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Coastal Community | Animals

Beginner’s Guide to Goats

March 7, 2019
If you own several acres of land, or even if you’re the proud owner of something smaller, the idea of raising a few goats for meat, milk, or to add some personality to your pasture, may have crossed your mind. Here are a few things to consider as you get started with goats

Choosing the Right Breed

There are quite a few breeds to choose from, but as Emily Rucker, an Albany, Oregon resident who raises lambs and goats can tell you, there is just a handful to consider.

Boer: This is the most popular breed for meat. They grow quickly, resist diseases well, and can thrive in nearly any climate.

Nigerian Dwarf: This miniature breed is easier to keep inside fenced areas, produces up to two quarts of milk a day, and do not require as much food as other goats. They grow to be around 18-inches tall.

Nubian: These are some of the most popular goat breeds. They’re perfect for milk production, producing upwards of two gallons a day. Nubian goats have a tendency to be very loud when they get hungry.

Savanah: This breed is known for its meat, hardiness, and low maintenance. Plus, they kid well, meaning you could grow a herd relatively easily.

Room to Roam

While it’s possible to raise goats in a small paddock, they do like room to move just like any other farm animal. Experts suggest allowing your goats to clear out unused pastures of weeds and other vegetation from time to time if giving them their own large area isn’t possible.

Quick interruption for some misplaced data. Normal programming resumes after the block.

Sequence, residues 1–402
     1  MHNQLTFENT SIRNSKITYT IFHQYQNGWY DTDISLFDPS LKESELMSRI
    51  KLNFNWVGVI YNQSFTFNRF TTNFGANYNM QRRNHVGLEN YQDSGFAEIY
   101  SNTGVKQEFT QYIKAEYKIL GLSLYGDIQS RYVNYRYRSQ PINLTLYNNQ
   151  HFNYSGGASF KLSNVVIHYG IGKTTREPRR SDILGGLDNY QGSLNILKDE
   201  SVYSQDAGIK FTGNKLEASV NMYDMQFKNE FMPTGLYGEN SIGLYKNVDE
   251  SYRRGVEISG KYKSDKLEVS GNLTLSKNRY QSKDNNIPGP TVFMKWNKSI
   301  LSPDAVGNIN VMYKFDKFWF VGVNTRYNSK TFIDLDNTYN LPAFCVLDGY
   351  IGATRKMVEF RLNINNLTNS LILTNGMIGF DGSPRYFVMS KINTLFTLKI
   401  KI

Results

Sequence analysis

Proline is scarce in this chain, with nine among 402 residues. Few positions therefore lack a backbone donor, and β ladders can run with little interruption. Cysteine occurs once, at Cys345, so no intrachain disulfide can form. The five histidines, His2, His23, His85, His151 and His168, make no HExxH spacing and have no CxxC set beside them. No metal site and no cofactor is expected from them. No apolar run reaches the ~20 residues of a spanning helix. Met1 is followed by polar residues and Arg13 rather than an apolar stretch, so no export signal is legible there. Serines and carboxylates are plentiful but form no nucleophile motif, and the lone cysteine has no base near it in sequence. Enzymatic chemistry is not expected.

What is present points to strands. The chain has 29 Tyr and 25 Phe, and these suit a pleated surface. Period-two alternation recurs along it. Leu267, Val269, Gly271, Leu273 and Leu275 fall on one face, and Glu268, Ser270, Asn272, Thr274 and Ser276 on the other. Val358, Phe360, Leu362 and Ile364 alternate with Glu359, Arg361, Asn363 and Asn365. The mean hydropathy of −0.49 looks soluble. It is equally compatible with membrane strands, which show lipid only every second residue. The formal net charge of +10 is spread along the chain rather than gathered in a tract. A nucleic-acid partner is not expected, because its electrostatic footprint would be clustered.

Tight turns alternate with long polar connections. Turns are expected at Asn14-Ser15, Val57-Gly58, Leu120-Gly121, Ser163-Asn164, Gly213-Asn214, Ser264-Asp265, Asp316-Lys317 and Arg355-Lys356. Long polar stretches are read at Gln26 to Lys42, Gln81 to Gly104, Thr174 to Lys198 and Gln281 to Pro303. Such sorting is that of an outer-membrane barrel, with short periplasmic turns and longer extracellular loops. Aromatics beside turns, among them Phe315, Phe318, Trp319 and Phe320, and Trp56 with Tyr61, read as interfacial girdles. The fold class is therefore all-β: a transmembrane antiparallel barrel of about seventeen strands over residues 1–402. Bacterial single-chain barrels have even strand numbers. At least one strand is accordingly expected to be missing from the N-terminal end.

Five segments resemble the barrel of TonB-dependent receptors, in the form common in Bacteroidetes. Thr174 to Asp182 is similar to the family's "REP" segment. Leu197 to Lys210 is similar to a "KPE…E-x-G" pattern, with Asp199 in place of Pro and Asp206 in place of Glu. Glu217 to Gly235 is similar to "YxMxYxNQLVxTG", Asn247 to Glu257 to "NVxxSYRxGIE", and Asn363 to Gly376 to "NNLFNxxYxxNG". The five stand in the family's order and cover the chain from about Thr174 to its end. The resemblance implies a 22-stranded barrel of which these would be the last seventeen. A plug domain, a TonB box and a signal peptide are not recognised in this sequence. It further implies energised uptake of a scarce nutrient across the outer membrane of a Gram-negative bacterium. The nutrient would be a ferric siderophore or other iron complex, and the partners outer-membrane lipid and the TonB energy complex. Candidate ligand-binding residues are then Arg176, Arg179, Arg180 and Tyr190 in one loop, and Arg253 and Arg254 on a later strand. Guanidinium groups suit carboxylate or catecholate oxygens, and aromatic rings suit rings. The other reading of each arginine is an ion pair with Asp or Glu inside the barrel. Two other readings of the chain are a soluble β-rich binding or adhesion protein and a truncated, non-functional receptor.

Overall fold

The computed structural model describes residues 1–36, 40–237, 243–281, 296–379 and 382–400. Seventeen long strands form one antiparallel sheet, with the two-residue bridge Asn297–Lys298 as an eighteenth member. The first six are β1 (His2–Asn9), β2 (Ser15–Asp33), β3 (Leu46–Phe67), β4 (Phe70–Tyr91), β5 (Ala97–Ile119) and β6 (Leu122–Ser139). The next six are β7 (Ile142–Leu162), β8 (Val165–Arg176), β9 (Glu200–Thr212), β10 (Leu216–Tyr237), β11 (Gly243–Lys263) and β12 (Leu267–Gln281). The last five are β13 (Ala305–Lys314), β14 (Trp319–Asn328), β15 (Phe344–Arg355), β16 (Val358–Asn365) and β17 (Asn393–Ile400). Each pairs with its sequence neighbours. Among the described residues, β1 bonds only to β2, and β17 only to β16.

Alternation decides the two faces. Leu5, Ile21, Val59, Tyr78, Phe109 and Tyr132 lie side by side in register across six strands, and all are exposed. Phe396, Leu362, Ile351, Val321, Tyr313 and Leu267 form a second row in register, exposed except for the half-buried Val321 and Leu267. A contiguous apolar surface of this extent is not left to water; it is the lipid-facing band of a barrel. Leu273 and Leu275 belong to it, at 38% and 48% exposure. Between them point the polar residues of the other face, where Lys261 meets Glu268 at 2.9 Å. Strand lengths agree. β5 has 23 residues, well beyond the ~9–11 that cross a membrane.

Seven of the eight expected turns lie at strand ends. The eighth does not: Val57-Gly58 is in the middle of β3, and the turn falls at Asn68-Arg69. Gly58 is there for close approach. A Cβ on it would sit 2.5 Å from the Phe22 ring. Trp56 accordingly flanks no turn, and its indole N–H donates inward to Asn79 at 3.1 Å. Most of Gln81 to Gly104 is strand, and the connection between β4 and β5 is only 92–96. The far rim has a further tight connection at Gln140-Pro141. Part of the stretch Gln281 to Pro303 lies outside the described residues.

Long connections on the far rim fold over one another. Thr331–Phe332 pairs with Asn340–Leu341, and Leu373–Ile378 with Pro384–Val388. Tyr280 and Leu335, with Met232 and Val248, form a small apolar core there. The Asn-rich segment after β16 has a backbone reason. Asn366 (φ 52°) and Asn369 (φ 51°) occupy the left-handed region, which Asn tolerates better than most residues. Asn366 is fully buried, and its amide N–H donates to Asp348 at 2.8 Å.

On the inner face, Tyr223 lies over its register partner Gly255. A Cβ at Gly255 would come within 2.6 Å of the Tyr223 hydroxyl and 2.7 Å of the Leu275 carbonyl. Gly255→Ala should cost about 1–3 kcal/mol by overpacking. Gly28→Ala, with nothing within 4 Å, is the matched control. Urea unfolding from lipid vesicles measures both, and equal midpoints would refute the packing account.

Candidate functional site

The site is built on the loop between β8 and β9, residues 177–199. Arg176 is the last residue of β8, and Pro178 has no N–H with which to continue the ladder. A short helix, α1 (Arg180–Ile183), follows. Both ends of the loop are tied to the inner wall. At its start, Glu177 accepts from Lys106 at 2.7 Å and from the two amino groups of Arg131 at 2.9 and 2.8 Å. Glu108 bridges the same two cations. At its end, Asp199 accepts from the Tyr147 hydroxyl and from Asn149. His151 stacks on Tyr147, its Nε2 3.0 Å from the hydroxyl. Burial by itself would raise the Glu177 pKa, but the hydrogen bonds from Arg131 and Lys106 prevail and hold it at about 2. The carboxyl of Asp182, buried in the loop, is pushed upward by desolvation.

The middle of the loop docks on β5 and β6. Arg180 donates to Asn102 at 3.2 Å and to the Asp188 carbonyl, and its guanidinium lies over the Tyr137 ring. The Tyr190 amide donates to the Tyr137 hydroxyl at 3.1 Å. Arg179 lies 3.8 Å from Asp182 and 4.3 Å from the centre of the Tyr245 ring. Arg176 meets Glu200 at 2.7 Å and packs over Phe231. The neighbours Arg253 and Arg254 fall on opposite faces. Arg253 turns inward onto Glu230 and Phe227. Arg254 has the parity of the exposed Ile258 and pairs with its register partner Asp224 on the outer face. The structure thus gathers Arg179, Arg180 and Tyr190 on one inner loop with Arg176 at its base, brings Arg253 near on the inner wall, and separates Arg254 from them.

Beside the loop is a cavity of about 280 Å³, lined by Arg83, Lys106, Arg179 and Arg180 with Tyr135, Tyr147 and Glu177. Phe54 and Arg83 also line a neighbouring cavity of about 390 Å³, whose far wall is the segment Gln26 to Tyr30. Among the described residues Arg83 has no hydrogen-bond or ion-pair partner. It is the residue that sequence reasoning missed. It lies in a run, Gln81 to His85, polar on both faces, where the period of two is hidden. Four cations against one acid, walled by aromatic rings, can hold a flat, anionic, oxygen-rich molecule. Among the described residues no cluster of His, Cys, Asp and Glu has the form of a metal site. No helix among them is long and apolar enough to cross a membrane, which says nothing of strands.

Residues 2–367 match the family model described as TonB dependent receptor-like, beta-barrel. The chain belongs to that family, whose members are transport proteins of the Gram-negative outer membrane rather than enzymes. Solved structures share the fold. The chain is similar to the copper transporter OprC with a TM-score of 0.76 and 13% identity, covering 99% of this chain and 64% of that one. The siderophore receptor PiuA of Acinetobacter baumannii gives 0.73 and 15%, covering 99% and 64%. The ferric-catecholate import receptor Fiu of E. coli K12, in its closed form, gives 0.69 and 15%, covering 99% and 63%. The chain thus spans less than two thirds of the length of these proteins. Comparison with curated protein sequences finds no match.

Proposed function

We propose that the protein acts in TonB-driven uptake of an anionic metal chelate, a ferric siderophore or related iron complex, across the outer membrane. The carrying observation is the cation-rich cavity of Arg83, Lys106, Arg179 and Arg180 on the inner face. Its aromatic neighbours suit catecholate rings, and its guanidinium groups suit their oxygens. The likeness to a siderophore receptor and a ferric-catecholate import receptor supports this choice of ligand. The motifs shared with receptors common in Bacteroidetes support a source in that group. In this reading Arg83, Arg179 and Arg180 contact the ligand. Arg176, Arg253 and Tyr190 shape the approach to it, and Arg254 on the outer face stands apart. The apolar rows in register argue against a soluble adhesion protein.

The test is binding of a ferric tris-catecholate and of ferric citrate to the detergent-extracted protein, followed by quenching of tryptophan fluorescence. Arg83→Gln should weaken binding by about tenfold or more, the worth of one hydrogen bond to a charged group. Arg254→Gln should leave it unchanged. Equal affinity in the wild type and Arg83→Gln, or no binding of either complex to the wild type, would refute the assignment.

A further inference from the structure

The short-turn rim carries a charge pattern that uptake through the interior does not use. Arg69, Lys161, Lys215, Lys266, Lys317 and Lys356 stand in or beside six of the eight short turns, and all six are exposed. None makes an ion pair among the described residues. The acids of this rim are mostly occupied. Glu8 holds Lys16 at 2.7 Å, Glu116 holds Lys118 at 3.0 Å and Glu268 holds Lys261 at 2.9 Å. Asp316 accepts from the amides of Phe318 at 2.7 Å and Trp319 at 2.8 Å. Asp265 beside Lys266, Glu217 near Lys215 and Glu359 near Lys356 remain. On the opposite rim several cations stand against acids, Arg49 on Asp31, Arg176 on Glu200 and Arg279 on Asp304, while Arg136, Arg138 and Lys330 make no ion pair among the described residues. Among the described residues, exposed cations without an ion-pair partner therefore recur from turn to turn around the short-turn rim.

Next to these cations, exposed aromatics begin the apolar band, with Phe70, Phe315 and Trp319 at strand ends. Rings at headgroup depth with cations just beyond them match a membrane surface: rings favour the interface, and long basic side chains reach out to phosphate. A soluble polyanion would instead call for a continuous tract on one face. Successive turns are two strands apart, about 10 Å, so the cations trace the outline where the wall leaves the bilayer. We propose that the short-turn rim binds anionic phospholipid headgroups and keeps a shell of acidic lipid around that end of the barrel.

Above all, goats do need shelter from the elements (a 3-sided shelter works wonders), a warm place to sleep (upwards of 20 square feet is often enough), and a nice spot for their food and water.

Build a Strong, Tall Fence

Anytime Emily takes her goats to another property to clear brush and other vegetation, she uses electric netting to keep her goats contained and safe. Other experts say hog wire secured into the ground also works as long as it is tall enough keep a goat from jumping into or over it. You can find both options at your northwest owned and operated Coastal, including Powerfields 40-inch Electric Web Poultry and Goat Netting with Posts.

Food and Water

Goats are known for eating just about anything, including tin cans. But Emily says that just isn’t accurate. Goats won’t eat anything they cannot chew or digest, and in her experience they can be quite picky. She suggests feeding them alfalfa pellets and orchard grass hay as well as protein supplements found in the 15-pound Vitalix Goat Choice Tub.

Coastal Knows Goats

When you’re ready to bring some goats into your daily routine, stop by your Northwest owned and operated Coastal for all of the feed, fencing, medication, and supplements you need to keep them happy and healthy. We also have plenty of answers to your goat questions. All you need to do is ask.